Ah, shrubs. I learned about these vinegary fruity drinks quite a while ago – long before I learned of the Historical Food Fortnightly, but I never got around to making one. I ran across a recipe for a raspberry shrub while deciding what to make for the Juicy Fruits challenge and I decided I had to make it.
Well, actually, I was torn between multiple recipes but finally settled on the shrub for a couple of reasons. One, I need to stop randomly drinking soda. Two, it will be a nice substitute for the ‘water enhancers’ I use randomly at work. And three, I have a bunch of alcohol at home and no mixers other than soda. Oh, and it will be nice to take to our weeklong camping trip in June.
I just have to say… oh my gosh, this is so yummy. I wanted to post until I was sure it mixed well with something and it mixes delightfully well with Hornsby’s hard cider. So delicious.
Anyway. Let’s make the stuff.
The Challenge: #6, Juicy Fruits
The Recipe: Raspberry Shrub. I used two different recipes and mixed them together.
1 – Raspberry Shrub from The Good Housekeeping Woman’s Home Cook Book
Arranged By Isabel Gordon Curtis.
2 – Raspberry Shrub from Buckeye Cookery, And Practical Housekeeping: Compiled From Original Recipes.
The Good Housekeeping book didn’t scan very well, so I have not included a screen shot of it. But the basic instructions for that recipe were to soak the raspberries overnight and in the morning strain them once with a colander, strain a second time through a cheesecloth, and then boil the remaining juice for twenty minutes. At that time, you add an equal amount of sugar and boil for another ten minutes.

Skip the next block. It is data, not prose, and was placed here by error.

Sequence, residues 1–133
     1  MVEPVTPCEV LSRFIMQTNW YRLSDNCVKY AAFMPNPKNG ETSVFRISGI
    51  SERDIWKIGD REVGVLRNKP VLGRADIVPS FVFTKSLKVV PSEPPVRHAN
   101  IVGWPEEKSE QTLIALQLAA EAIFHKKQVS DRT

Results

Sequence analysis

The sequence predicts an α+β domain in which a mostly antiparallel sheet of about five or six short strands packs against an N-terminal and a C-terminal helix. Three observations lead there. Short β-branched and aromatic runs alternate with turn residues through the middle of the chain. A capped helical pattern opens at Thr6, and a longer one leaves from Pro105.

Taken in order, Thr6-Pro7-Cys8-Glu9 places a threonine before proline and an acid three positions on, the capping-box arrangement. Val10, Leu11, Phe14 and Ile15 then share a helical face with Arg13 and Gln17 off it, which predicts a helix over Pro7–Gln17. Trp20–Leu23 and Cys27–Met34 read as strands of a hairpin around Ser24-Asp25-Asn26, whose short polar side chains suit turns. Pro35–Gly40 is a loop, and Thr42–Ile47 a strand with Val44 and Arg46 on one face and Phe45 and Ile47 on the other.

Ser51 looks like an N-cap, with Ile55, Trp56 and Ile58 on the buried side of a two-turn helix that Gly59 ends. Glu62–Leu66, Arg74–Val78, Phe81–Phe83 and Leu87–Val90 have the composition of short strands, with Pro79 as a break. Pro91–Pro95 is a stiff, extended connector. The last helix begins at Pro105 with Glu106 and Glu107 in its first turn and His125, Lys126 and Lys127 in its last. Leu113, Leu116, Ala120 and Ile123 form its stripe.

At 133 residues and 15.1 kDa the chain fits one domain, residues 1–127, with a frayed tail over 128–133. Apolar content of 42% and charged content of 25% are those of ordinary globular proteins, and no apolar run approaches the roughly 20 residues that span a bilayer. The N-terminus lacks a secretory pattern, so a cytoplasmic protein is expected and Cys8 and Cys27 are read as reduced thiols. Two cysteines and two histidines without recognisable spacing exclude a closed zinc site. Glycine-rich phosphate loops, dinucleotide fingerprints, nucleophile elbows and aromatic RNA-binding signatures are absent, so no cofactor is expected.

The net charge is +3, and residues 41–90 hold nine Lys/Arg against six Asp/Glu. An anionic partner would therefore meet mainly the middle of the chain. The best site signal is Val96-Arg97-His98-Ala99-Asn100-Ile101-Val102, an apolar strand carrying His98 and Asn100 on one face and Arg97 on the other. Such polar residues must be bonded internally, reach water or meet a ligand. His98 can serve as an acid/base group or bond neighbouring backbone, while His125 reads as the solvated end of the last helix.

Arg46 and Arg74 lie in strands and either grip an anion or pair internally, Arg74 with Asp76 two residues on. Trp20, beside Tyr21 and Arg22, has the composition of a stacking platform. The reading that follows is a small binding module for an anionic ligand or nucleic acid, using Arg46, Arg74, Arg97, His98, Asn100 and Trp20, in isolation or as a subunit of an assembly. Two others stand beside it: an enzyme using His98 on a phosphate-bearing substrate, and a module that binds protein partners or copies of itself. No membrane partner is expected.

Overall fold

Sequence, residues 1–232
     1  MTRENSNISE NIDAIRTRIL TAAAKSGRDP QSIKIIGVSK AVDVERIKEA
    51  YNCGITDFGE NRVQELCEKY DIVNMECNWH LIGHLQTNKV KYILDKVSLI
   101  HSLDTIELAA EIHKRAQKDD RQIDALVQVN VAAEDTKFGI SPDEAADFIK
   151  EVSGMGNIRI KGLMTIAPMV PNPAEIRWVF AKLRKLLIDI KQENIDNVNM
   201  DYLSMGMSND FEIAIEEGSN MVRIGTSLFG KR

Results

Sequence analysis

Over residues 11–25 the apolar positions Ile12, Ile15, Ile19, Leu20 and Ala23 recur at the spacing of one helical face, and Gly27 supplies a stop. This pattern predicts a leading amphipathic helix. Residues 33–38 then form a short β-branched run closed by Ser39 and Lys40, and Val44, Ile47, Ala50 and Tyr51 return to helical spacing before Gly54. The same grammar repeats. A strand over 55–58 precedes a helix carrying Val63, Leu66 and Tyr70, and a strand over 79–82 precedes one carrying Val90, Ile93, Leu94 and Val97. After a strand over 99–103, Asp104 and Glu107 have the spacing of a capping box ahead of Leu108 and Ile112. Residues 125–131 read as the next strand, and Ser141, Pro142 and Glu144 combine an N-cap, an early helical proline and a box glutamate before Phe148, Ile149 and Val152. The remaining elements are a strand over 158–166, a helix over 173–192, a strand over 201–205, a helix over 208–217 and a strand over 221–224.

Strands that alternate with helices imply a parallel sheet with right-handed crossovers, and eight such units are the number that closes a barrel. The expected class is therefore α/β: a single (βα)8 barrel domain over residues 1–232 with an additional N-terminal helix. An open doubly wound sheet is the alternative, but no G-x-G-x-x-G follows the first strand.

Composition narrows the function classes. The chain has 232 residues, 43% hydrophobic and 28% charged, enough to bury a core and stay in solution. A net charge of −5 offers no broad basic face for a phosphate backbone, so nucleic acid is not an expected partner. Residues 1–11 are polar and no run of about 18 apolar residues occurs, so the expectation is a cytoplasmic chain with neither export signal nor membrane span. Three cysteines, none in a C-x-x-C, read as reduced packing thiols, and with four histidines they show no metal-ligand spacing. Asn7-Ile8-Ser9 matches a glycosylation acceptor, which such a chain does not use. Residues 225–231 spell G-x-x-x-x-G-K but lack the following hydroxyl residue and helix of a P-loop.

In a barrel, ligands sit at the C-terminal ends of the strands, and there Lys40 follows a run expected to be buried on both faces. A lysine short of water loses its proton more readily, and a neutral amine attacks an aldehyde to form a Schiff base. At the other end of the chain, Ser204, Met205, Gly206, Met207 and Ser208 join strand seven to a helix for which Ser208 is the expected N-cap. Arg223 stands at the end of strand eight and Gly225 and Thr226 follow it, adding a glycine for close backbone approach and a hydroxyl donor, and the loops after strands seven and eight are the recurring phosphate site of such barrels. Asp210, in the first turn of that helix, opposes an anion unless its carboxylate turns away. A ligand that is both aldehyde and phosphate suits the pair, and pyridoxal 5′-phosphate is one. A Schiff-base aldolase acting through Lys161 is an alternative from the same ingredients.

The Date/Year and Region: American, Good Housekeeping is from 1909 and Buckeye Cookery is from 1877.
One interesting thing about the Buckeye Cookery book was that it was a charity book put together to help raise funds for a new parsonage in Ohio.
Time to Complete: In total, about 25 to 26 hours. The raspberries sat for about a full twenty four hours and it probably took me about an hour to strain and restrain and curse and think that I was doing it wrong.
Total Cost: $10. I used two pints of raspberries that were $3.99 each, plus a new bottle of apple cider vinegar for about $2. The sugar was already in the house.
How Did You Make It: After straining my raspberries (I don’t think I have ever written that word this much ever…) through a colander, I strained it through a tea towel as I didn’t have any cheesecloth. I thought I read somewhere that a flour sack towel could be used but I started to think I was mistaken. It worked… but probably not the way it should have. It took forever so I sort of …helped… it along and probably ended up with a little more pulp than I should have. I ended up with 1.5 cups of juice in the end.
I put the juice in a pan, added 1.5 cups of sugar, and boiled it for ten minutes. Afterward, I poured it into a mason jar and called it good.
How Accurate Is It?: I think this is pretty darn accurate. The only thing I didn’t do was the actual canning of the shrub. For the small amount I had and the uncertainty of how it would taste, I didn’t feel like getting out all the supplies.
How Successful Was It?: I added a few teaspoons to a little bit of water and it was okay. I added several tablespoons to a bit of hard cider and it was delicious. Amon added a bit to a white wine and it was pretty yummy too. I will definitely be making this again once raspberries are cheaper, and I think I might make it will a whole bunch of other fruit shrubs as time goes on.